The Breakdown: Manny Pacquiao Versus Adrien Broner

NEW YORK, NY - NOVEMBER 19: Manny Pacquiao (L) and Adrien Broner face off during a press conference at Gotham Hall in
Manny Pacquiao and Adrien Broner face off during a November 19 press conference at Gotham Hall in New York City in preparation for their fight Saturday night in Las Vegas. (Sarah Stier/Getty Images)

The fighter of the decade in the 2000s, Manny Pacquiao is still going after it, and he dreams of getting a rematch with rival Floyd Mayweather. In his last bout Pacquiao scored his first stoppage win since 2009, defeating Lucas Matthysse in the seventh round last July. And with that impressive showing over the somewhat stale and eroded Matthysse, Pacquiao has, in the eyes of some, turned back the clock and suddenly become a legitimate threat once again to anyone in his division.

Whether there’s truth in that, we can’t be sure. But Pacquiao is facing the ideal opponent who could help sustain that view—former titlist Adrien Broner. On Saturday, Pacquiao, 60-7-2 (39), will defend his secondary WBA title against the former belt holder Broner, 33-3-1 (24). The last time Broner was in the ring he again squandered a fight by being held to a draw by the less-talented but determined Jesse Vargas (who went the distance with Pacquiao, losing by unanimous decision). So, based their respective performances against Vargas, and Pacquiao’s strong showing against Matthysse, most observers assume Pacquiao will take out Broner impressively. And after a one-fight separation, Pacquiao has been reunited with Freddie Roach, who is working with Buboy Fernandez and overseeing his training.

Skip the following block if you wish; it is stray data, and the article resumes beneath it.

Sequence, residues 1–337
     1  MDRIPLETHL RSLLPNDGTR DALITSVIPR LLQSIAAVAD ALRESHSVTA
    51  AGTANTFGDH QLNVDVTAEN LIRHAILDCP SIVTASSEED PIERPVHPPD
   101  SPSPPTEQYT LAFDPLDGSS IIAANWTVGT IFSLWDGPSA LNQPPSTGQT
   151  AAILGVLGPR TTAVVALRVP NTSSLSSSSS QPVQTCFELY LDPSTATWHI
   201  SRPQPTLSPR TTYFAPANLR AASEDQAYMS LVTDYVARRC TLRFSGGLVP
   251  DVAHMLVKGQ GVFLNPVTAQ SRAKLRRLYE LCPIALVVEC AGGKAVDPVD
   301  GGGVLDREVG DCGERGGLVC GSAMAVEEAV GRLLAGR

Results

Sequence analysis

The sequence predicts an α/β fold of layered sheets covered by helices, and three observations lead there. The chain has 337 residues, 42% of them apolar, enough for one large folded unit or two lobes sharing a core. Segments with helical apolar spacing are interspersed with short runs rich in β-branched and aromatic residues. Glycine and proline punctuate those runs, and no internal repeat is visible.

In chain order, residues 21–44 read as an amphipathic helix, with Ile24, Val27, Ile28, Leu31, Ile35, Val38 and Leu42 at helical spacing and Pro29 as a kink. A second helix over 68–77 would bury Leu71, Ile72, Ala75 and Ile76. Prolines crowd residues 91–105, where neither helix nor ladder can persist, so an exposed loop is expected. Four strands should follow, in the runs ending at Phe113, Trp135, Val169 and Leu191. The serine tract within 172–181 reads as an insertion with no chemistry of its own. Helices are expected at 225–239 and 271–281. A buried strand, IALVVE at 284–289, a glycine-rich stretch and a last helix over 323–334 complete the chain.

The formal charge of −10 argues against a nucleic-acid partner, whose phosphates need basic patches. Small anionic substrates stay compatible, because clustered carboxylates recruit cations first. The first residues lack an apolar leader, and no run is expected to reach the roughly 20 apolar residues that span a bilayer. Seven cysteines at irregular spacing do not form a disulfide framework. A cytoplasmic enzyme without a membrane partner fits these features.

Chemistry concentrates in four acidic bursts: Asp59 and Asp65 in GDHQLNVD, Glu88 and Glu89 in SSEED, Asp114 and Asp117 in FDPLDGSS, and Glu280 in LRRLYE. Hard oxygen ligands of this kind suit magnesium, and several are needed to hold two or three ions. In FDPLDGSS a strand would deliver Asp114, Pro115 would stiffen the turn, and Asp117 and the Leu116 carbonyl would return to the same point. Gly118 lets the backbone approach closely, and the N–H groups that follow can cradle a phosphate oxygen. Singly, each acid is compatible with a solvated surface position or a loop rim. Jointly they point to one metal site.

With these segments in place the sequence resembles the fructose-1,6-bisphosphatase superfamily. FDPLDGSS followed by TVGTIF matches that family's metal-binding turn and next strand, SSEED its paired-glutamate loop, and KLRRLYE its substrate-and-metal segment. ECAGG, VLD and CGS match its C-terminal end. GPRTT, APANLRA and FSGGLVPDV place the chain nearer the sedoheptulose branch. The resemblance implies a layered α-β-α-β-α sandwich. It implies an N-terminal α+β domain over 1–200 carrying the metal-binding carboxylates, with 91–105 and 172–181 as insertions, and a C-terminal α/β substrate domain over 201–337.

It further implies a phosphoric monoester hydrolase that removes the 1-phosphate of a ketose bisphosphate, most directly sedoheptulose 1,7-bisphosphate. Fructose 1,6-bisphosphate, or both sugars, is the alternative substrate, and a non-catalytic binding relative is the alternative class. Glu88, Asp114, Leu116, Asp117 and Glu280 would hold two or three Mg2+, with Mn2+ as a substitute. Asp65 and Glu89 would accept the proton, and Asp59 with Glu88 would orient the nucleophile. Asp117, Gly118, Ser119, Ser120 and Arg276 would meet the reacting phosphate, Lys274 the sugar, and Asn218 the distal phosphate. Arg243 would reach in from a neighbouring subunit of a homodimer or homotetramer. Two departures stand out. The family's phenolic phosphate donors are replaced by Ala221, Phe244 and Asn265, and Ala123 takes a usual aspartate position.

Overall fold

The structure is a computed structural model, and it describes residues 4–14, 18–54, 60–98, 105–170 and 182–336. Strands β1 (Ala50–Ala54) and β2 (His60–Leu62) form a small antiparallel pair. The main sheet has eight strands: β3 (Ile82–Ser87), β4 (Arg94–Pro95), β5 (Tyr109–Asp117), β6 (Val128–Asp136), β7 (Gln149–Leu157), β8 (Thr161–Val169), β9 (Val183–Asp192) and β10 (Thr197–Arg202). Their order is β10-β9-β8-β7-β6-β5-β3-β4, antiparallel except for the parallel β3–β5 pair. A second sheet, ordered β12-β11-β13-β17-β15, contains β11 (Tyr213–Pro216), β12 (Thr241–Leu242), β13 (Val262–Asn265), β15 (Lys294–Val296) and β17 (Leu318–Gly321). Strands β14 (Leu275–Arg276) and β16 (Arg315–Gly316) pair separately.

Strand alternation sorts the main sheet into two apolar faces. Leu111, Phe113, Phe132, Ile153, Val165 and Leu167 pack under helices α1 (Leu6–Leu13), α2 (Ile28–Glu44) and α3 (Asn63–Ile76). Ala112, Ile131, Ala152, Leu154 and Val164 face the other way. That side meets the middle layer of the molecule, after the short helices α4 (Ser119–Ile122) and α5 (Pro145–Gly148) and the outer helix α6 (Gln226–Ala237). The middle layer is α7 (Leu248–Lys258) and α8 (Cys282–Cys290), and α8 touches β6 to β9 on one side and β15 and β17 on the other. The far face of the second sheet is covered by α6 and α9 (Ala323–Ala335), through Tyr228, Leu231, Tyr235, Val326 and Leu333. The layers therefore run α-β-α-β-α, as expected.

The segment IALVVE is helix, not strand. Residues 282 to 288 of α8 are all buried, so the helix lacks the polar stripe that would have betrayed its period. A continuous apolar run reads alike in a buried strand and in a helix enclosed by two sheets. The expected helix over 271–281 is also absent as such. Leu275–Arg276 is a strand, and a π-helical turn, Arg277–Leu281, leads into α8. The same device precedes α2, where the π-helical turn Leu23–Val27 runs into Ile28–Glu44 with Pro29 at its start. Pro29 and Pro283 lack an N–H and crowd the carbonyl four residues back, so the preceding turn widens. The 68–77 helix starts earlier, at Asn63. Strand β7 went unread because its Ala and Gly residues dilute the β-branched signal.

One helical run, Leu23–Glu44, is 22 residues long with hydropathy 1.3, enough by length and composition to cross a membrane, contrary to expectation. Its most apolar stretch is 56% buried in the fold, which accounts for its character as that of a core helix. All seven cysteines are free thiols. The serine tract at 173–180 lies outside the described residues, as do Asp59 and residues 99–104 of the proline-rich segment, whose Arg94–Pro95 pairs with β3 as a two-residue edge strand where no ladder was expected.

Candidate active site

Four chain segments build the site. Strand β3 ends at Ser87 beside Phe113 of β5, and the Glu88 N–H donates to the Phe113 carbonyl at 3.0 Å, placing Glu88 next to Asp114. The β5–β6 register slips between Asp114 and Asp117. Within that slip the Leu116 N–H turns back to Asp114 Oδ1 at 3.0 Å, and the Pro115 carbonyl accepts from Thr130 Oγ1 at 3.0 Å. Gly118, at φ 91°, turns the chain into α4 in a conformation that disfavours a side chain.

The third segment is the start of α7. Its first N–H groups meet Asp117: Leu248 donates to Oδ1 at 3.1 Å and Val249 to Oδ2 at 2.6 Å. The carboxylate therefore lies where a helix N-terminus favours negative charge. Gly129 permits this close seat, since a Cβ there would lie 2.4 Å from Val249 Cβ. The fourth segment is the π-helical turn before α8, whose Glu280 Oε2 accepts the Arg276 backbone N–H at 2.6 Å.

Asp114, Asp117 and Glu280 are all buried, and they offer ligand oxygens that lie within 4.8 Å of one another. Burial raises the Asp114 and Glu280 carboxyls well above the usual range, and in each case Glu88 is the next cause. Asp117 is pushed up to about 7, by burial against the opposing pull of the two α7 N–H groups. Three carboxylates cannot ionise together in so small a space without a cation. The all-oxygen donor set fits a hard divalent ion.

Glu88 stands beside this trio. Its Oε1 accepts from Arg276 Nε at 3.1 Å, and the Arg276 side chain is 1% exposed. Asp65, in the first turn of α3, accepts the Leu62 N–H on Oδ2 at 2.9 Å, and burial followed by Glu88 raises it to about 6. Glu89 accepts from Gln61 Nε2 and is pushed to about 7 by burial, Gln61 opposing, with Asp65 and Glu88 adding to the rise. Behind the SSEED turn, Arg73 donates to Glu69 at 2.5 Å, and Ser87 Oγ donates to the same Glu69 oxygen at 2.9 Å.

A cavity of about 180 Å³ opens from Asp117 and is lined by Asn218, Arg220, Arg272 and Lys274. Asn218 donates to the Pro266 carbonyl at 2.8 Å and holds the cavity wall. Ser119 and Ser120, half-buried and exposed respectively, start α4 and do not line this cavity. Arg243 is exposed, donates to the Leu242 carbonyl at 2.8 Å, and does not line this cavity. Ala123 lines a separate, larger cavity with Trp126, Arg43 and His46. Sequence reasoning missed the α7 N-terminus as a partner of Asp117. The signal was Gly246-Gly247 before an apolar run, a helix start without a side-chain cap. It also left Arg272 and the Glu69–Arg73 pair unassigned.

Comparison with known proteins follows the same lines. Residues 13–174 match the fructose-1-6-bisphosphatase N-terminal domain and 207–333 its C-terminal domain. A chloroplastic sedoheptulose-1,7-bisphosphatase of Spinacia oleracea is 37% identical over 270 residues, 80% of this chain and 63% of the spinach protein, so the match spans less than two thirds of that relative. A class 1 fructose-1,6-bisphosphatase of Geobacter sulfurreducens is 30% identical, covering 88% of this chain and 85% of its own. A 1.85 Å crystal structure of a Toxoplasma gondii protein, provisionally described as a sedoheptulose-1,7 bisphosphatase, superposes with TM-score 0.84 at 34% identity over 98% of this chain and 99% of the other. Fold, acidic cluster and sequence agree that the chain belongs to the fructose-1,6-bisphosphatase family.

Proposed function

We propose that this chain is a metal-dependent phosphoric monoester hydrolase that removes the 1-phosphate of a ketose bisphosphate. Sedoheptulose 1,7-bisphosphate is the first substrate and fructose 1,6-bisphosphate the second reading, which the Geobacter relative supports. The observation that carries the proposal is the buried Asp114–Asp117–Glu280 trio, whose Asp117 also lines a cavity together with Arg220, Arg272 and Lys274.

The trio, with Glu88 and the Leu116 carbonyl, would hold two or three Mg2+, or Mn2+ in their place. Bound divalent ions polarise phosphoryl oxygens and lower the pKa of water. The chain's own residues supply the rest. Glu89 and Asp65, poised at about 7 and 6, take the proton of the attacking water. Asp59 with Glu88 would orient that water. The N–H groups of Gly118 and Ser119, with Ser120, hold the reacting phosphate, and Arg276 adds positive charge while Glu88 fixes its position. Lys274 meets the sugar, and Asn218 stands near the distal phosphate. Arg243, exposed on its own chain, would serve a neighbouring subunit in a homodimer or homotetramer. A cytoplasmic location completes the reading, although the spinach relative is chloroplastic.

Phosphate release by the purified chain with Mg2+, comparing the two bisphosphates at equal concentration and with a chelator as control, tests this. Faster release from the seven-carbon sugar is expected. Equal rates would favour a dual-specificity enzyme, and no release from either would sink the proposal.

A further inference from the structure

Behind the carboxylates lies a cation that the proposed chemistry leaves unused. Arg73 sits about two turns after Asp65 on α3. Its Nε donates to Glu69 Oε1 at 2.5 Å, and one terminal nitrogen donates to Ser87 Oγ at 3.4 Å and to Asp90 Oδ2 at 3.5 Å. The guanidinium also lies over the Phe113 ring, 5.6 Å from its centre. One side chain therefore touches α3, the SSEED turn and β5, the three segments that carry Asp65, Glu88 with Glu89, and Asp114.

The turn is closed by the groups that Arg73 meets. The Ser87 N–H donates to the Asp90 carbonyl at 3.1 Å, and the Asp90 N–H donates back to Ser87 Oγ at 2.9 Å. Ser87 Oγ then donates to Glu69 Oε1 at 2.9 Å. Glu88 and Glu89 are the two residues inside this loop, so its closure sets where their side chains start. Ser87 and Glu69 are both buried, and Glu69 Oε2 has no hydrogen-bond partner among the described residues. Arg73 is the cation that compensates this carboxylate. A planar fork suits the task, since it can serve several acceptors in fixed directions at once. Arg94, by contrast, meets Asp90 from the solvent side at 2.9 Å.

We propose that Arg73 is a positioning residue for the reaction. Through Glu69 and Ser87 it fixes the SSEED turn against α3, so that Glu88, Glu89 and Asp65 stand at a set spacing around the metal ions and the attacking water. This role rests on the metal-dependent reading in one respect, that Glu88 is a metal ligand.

Roach, back in the fold, had the most accurate assessment of the fight that I’ve seen up to this time. Granted, Roach has always overstated things regarding Pacquiao, but this time his words are profound: “I think experience has made Manny a better fighter. He still trains harder than anyone. I like Broner as a fighter. I think he has excellent boxing skills, but Broner has never faced anyone like Manny. Broner will be mentally exhausted within four rounds and physically spent within six. It will be impossible for Broner to keep pace with the Manny Pacquiao of this training camp. He does have a good chin but the game plan is to break him down, break the body down, and he’ll go sooner or later.”

Roach says this before every Pacquiao bout, and at least from 2009 to 2017 he was mostly right. The reports of Pacquiao looking great during sparring are always out there—but that’s mainly because he’s an offensive fighter and will always look great against sparring partners. The question is, has Manny has become reinvigorated because he believes he has a shot at getting a rematch with Mayweather if he can blitz Broner?

Blitzing through Broner won’t be as easy for Pacquiao as some may think, however, as Broner is gifted physically and blessed with speed, power, and strength. The critical assessment of him is that he’s lazy, that he doesn’t like to train, and that he has a low boxing IQ. Accordingly, Broner rarely fights for more than thirty seconds per round because he lacks urgency and often can’t think of what to do—as shown by his unimaginative offense. But he takes a good punch and is great at slowing the pace and forcing superior opponents to pick their spots (versus his having to work for an entire round). And this time Broner may show up in great condition because he knows he won’t get another high-profile fight if he mails it in again against Pacquiao. But the difference between the two fighters is that Pacquiao is harder and tougher inside and out.